My recent experience with Alaska Airlines is a case in point. I’m not one to complain. I hate to be around constant complaining! But one doesn’t have to look far to find something to complain about. As in my Alaska Airlines experience, it can start the moment you wake up in the morning.
I’ll get to that shortly.
If you aren’t a person that leans toward constant complaining, you might know someone who is. There are lots of things to complain about! An occasional complaint is necessary to get our expectations met, but too much complaining can be hazardous to your well-being, and to the well-being of those around you.
There’s too much government here, not enough there. Too much money spent. Pork. Tax loopholes.
Everything costs too much. Food prices. Gas prices. Rents. Interest rates.
Your neighbor who doesn’t keep their yard up.
Not enough sleep. Food’s too cold, too hot, too salty…not salty enough.
Parents who don’t control their kids. Parents who control their kids too much.
The list can go on…
But aren’t there legitimate complaints?
I’d made plans to attend my mom’s seventieth birthday dinner with family and friends. She’d scheduled the dinner for a Sunday afternoon at a Mexican restaurant in Yucaipa, California. I’d planned take an Alaska Airlines flight of just under 3 hours from Portland to Ontario that Sunday morning, arriving several hours before the 3 o’clock dinner.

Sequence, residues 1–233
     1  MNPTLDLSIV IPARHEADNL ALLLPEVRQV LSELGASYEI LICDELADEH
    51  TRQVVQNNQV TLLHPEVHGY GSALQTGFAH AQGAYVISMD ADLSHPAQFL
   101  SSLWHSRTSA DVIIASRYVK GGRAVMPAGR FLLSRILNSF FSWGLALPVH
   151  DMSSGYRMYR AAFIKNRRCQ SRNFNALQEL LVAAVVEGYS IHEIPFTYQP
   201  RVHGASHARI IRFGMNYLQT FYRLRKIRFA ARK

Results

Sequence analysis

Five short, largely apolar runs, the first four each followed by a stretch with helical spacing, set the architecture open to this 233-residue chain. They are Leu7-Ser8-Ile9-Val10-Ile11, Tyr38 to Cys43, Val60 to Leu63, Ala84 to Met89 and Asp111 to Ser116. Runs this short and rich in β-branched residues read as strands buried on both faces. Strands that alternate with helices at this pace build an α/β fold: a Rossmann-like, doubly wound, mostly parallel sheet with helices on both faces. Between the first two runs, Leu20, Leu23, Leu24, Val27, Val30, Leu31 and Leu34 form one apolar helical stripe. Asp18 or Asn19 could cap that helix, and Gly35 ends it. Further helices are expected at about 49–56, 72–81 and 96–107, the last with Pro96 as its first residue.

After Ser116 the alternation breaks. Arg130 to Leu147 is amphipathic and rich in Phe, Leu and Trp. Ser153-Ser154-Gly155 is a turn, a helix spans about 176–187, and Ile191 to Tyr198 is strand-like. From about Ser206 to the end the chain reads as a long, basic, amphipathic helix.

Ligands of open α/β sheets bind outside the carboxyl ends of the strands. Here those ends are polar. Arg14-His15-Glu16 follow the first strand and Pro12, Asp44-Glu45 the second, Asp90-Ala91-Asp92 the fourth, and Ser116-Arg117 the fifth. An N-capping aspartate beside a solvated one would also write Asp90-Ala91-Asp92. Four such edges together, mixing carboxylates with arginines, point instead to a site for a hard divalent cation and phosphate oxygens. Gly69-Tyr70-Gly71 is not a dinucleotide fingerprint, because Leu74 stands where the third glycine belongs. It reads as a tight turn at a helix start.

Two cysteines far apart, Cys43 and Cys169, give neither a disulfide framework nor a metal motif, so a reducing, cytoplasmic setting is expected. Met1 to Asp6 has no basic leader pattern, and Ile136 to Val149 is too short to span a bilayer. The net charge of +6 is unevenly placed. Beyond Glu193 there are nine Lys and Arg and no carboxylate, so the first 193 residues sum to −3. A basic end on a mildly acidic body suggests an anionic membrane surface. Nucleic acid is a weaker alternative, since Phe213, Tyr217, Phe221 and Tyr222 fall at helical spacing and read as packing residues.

That Sunday the chimes of my iPhone alarm woke me at 4:00 a.m. I rolled over in bed and swiped away the alarm. My phone had a text message. I blinked to wet my eyes so I could see clear enough to read it.
Alaska Airlines had cancelled my flight!
They’d been courteous enough to assign me to another flight, but it wouldn’t get me to Ontario until late Sunday night.
My wife Tami was slowly waking up beside me. I told her. I was disappointed. I knew how much my mom was looking forward to seeing me, and having me at her birthday dinner. I hadn’t seen my mom in over a year. A seventieth birthday is an important milestone!
I was ready to launch into complaint mode.
What was the airline thinking, rescheduling me to arrive over 12 hours later than I’d planned? There would be no way to get to mom’s dinner. I’d have to call her and tell her. Some self-pity crept in. How could this happen…to me…now?
If anything good was going to come out of this, I needed to shift from complaint mode, and into action–quickly!
Here are 5 good reasons to clamp down on complaining:
1) It can suck your energy.
Have you noticed? When you unleash a load of complaints, it drains your energy. If you’re angry, a brief burst of adrenaline pumps through your body. But it’s not long before the energy begins to drain, and you feel weak, tired, or worn down.